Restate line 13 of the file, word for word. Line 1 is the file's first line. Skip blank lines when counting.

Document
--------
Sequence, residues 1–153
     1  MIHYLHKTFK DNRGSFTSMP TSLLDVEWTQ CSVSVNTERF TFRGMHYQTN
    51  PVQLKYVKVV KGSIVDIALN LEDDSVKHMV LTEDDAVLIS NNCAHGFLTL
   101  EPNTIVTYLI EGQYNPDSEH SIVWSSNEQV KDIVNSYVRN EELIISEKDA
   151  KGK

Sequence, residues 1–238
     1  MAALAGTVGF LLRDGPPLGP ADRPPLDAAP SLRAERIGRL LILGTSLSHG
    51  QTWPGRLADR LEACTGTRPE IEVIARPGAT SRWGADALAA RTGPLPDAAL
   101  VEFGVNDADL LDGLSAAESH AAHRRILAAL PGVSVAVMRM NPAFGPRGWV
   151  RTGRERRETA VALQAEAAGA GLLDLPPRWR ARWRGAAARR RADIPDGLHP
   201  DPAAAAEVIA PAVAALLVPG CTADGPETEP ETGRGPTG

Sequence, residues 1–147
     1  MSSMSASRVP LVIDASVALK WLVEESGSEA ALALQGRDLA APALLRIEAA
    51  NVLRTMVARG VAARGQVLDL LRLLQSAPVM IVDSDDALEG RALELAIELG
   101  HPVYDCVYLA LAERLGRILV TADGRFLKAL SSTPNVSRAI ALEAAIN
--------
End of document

     1  MSSMSASRVP LVIDASVALK WLVEESGSEA ALALQGRDLA APALLRIEAA